disaster

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disaster

 [dĭ-zas´ter]
a situation that produces damage and varying amounts of destruction; there is a three-tiered classification for disasters, based on the number of casualties. See also emergency.

disaster

Etymology: L, dis, apart, astrum, a star
any mishap or misfortune that is ruinous, distressing, or calamitous.
Global village A cataclysmic event in which there is a loss of multiple lives and/or major property damage
Nuclear physics Decay disaster
Public health Any unanticipated event that requires urgent response to bring people and/or property out of harm’s way in order to minimise loss of life or destruction of property

disaster

Public health Any unanticipated event that requires urgent response, bringing people and/or property out of harm's way in order to minimize loss of life or destruction of property; disasters are described by certain parameters Vox populi A cataclysmic event in which there is a loss of multiple lives and/or major property damage. See Climatologic disaster, Geological disaster, Man-made disaster, Natural disaster, Tsunami.
Disaster classifications
Nature, ie either
1. Natural, geophysical–eg earthquakes, volcanoes or weather-related–eg floods, hurricanes.
2. Man-made–transportation-related, structural collapse, war, hazardous materials, explosions, fires
Location Single site–eg explosion or multiple sites–eg hurricanes
Predictability Regular–eg hurricane season or sporadic–eg toxic spill
Onset Gradual–eg armed conflict or abrupt–eg accident
Duration Brief–eg natural disaster or extended–eg armed conflict
Frequency Often–eg flood, or rare–eg fire
.

DISASTER

(di-zas'tĕr)
An acronymic paradigm developed by the American Medical Association to assist in organizing the reaction to a mass-casualty incident. The components of the acronym are D for disaster, I for incident command, S for scene security and safety, A for assess hazards, S for support, T for triage and treatment, E for evacuation, and R for recovery.
References in periodicals archive ?
A more likely development is growth in contingent financing arrangements - for example, Act of God bonds - which would provide contingent access to new debt financing or reduce, delay, or eliminate service requirements and/or the obligation to repay existing debt in the event of large catastrophe losses.
Clark founded the catastrophe modeling industry after identifying a need for probabilistic modeling techniques and better catastrophe risk assessment tools for the insurance industry.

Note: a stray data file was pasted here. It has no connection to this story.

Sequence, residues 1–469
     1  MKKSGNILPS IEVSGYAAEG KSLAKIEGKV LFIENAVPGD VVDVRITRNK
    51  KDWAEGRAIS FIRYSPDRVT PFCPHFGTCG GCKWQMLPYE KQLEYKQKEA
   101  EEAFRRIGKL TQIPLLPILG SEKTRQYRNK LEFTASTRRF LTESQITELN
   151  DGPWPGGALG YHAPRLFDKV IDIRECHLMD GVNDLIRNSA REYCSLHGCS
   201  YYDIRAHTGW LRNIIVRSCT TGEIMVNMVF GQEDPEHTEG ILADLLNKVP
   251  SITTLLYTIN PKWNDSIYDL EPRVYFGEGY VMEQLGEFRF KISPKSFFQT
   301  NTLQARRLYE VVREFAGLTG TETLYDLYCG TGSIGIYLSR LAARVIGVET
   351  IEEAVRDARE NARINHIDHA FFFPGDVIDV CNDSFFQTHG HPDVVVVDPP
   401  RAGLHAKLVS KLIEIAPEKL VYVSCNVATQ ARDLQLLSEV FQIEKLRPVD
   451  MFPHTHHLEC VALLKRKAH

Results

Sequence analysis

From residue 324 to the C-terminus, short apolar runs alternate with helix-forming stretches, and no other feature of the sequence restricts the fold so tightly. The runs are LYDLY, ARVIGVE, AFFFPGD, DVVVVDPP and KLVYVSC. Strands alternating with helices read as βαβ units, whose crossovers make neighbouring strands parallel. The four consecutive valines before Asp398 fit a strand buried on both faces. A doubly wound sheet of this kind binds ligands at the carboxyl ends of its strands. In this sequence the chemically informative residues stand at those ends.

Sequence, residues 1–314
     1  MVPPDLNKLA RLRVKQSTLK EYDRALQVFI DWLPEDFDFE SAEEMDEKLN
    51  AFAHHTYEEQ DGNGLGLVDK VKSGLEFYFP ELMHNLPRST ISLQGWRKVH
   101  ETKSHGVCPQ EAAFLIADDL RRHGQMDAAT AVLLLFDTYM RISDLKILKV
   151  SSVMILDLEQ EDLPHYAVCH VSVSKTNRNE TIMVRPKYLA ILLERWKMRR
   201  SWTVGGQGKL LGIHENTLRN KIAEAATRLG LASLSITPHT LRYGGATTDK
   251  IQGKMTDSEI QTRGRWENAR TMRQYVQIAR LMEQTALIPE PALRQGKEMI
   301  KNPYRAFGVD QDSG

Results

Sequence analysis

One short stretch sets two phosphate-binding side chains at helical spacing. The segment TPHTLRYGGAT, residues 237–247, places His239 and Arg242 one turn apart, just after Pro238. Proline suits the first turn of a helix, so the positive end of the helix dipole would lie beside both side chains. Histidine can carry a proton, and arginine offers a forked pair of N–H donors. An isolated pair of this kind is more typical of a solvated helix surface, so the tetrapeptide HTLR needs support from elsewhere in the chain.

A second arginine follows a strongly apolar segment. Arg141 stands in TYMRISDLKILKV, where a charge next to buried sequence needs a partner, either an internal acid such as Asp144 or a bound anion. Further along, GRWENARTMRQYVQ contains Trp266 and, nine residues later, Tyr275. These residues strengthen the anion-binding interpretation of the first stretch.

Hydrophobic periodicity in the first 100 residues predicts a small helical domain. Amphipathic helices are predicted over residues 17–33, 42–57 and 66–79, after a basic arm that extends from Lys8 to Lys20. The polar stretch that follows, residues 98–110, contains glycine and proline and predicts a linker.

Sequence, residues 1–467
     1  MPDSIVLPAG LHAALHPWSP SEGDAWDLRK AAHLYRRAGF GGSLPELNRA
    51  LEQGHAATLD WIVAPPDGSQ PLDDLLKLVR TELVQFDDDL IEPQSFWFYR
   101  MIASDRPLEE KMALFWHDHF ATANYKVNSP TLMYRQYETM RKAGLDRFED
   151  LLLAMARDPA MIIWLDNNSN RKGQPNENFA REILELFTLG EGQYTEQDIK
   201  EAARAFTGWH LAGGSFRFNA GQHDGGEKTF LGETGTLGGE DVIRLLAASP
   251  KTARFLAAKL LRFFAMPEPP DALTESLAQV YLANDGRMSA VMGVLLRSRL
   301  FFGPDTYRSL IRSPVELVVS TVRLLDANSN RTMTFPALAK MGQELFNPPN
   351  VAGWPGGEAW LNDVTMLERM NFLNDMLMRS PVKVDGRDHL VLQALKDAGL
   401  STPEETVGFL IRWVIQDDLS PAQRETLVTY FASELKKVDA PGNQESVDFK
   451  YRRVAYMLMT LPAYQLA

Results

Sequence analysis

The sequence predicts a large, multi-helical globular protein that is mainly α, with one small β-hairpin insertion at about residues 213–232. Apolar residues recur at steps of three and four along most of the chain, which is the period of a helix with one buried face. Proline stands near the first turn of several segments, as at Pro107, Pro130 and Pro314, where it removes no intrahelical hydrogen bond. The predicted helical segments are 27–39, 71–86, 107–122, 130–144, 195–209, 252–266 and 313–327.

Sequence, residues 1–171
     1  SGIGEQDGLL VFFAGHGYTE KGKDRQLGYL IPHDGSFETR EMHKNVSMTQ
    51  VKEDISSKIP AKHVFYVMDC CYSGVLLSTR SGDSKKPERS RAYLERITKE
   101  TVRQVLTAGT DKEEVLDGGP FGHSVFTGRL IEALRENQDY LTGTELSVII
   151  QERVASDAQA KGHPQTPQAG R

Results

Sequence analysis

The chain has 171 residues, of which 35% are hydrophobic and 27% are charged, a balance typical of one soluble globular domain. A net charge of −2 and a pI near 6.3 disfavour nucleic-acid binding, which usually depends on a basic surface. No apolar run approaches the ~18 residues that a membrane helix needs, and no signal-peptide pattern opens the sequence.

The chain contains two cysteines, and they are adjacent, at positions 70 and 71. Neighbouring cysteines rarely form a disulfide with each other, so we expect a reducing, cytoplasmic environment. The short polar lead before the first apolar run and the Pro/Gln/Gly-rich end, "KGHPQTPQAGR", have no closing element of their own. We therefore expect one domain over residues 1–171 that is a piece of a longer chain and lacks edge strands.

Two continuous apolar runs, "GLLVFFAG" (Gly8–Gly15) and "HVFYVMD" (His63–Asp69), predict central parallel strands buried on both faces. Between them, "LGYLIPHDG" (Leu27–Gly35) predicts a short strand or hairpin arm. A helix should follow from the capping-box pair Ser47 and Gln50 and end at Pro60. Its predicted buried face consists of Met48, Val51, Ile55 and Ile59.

Access to many of the most severely damaged neighborhoods was delayed as civil authorities cordoned off areas deemed unsafe, again forcing insurers to reverse typical catastrophe response practices of working outward from the most severely to the least impacted communities.
Aggregate policyholders' surplus, the measure of insurance capacity, increased sharply in 2006 as a result of strong pricing and few catastrophe losses.
Recent catastrophes notwithstanding, reinsurers are seeing a shift in focus in property coverage from pricing to negotiations over terms and conditions, said Mooney.
As the founder of AIR Worldwide, Karen Clark is an internationally recognized expert in the field of catastrophe risk modeling.
Another seminar, "Predicting the Future: Catastrophe Modeling," reviewed the latest on catastrophe modeling of natural and man-made hazards.
Offsetting these positive attributes are Balboa's significant aggregate exposure to catastrophe losses and its elevated underwriting leverage, primarily due to premium growth.
The three most important pieces of any catastrophe contingency plan are personnel, facilities and vendors.
Economic losses from natural catastrophes rose to $60 billion from $55 billion in 2002, resulting mainly from tornadoes, heat waves and forest tires, plus severe floods in Asia and Europe.
The innovative nature of this transaction underscores our ability to leverage our deep catastrophe reinsurance experience, market knowledge and new forms of non-traditional capacity to our clients' advantage," said Geoff Bromley, Guy Carpenter's Chairman of European and Asian operations.
The fourth quarter kicked off with the largest catastrophe losses of the year, and what may yet prove to be the costliest fire disaster in U.